Now the few signs of life are the soldiers manning checkpoints, newly painted and decorated with brightly colored plastic flowers. Vehicles pick their way around craters blocking roads as the dust from thousands of crushed buildings drifts over the landscape. Along one street, the only sign that houses ever existed there is a line of garden gates and clusters of fruit trees.

The wreckage was caused by IS-laid explosives and hundreds of airstrikes by the Iraqi military and the U.S.-led coalition. Besides the fighting itself, the Islamic State group is increasingly using a scorched earth strategy as it loses ground in Iraq. When IS fighters withdraw, they leave an empty prize, blowing up buildings and wiring thousands of others with explosives. The bombs are so costly and time-consuming to defuse that much of recently liberated Iraq is now unlivable.

"All they leave is rubble," said Maj. Mohammed Hussein, whose counterterrorism battalion was one of the first to move into Ramadi. "You can't do anything with rubble."

As a result, U.S.-led coalition and Iraqi officials are rethinking their tactics as they battle IS to regain territory. The coalition is scaling back its airstrikes in besieged urban areas. Efforts are underway to increase training of explosive disposal teams.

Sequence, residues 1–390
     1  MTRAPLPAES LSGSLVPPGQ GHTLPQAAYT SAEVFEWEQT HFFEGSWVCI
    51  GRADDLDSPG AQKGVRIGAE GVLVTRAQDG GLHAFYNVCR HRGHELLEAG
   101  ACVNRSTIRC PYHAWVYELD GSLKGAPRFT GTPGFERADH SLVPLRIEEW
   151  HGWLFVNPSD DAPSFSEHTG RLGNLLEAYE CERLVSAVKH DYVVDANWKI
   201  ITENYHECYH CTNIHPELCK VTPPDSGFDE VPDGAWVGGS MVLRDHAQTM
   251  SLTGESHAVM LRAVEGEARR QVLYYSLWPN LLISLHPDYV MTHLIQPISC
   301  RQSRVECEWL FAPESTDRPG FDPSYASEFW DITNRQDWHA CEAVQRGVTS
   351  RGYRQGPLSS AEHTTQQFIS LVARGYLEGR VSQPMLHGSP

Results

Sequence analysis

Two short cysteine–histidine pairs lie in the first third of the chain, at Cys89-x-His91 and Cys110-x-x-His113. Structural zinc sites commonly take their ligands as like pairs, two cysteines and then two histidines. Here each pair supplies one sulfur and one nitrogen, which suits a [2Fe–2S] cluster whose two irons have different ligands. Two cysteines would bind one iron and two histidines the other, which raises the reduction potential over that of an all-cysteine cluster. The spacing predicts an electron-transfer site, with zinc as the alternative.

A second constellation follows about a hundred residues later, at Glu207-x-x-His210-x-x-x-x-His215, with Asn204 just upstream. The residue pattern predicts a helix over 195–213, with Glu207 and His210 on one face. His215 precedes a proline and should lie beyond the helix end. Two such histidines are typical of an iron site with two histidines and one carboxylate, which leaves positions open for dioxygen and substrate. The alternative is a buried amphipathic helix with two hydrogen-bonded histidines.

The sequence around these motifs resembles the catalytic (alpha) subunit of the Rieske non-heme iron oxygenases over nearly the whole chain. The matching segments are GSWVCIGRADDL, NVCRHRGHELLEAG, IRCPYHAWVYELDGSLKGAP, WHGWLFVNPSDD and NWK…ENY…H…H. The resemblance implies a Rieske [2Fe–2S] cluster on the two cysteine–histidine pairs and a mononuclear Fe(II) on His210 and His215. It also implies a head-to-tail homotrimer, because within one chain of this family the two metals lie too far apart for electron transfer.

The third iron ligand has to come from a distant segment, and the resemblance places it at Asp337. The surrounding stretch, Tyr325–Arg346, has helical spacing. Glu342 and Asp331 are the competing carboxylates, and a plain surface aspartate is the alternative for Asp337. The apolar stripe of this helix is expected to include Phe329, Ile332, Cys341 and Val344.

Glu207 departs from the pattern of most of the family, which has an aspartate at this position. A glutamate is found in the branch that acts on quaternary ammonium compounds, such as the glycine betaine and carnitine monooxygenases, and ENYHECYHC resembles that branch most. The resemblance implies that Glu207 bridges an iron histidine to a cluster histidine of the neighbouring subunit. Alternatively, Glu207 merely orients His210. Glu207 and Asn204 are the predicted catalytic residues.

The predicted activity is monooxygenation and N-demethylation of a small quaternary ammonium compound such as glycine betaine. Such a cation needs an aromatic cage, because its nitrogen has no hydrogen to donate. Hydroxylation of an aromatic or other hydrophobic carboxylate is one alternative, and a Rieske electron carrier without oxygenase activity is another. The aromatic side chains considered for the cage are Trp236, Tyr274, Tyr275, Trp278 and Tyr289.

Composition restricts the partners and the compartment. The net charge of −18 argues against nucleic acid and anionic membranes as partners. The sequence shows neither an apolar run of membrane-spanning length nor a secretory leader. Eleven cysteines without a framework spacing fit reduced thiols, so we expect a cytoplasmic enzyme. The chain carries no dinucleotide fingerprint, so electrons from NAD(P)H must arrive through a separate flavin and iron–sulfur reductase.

The new approach is particularly key as Iraq and the coalition build up to the daunting task of retaking Mosul, Iraq's second-biggest city, held by IS for nearly two years.

"They know they can't just turn Mosul into a parking lot," said a Western diplomat in Baghdad who has been present for a number of meetings with coalition and Iraqi defense officials regarding the Mosul operation. The diplomat commented on condition of anonymity because he was not authorized to speak to the press.

In January, after IS was pushed out of Ramadi, thousands of families returned to their homes. But residents have since been barred from coming back because dozens of civilians died from IS booby traps. Officials estimate IS planted thousands of IEDs, improvised explosive devices, across the city. Janus Global Operations, an American firm, began working to remove them last month and said it has so far cleared more than 1,000 square meters — a fraction of a city block.